Definition[edit | edit source]
"An eco-industrial park (EIP) or estate is a community of manufacturing and service businesses located together on a common property. Member businesses seek enhanced environmental, economic, and social performance through collaboration in managing environmental and resource issues. By working together, the community of businesses seeks a collective benefit that is greater than the sum of individual benefits each company would realize by only optimizing its individual performance."
"The goal of an EIP is to improve the economic performance of the participating companies while minimizing their environmental impacts. Components of this approach include green design of park infrastructure and plants (new or retrofitted); cleaner production, pollution prevention; energy efficiency; and inter-company partnering. An EIP also seeks benefits for neighboring communities to assure that the net impact of its development is positive."
(Lowe, Ernest. 2004. Defining Eco-Industrial Parks: the Global Context and China. Report prepared for the Policy Research Center for Environment and Economy, State Environmental Protection Administration, China)
Overview[edit | edit source]
In an EIP, the use of energy and materials is optimized in such a way that the output of one process is the input into another ("industrial ecosystem"). These arrangements may result in cost savings and waste reduction. The design of the industrial infrastructure attempts to maximize economic and environmental efficiencies. Businesses cooperate with each other and with the local community in an attempt to reduce waste and pollution, efficiently share resources (such as information, materials, water, energy, infrastructure, and natural resources), and help achieve sustainable development, with the intention of increasing economic gains and improving environmental quality. An EIP may also be planned, designed, and built in such a way that it makes it easier for businesses to co-operate, and that results in a more financially sound, environmentally friendly project for the developer. An example of this is the designed eco-industrial park centered around photovoltaic devices discussed here. When there is a strong agricultural component, the name Agro-Eco-Industrial Park is sometimes used, emphasizing the agricultural component with food, fuel and fiber as products.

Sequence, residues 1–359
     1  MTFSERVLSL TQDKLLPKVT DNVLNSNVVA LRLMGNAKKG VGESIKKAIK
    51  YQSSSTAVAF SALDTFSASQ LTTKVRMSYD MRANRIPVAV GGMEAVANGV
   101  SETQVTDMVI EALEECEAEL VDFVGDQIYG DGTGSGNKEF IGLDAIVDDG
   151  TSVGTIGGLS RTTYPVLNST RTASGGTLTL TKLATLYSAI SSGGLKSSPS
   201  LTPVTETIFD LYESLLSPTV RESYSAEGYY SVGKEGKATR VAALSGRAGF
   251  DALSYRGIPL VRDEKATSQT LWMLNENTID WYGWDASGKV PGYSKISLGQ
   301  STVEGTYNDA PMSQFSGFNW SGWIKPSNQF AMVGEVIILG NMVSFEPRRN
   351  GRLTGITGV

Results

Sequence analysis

Benefits of EIPs include:
- monetary benefits to companies (lower production costs / bargain prices, lower energy consumption, less transportation, less waste)
- environmental benefits (less demand on natural resources, less waste in all forms, transportation via pipes instead of trucks)
- societal benefits (jobs, cheap heating, better air quality, better health)
Industrial Symbiosis[edit | edit source]
(Section kindly contributed by Ernest Lowe, CEO of Indigo Development).
Industrial symbiosis (IS) is the most familiar subject of research and application in industrial ecology. The essence of this approach is collaboration among industrial plants and utilities to increase efficiency of resource use by creating a system for trading material, energy, and water by-products (“wastes”). An authoritative definition of IS broadens the field to include sharing of utility infrastructure and joint procurement of common services. IS is also referred to as: by-product exchange, by-product synergy, industrial ecosystem, industrial metabolism, green twinning, and zero emissions network. - these all refer to similar ideas. An eco-industrial park is a more comprehensive framework for development.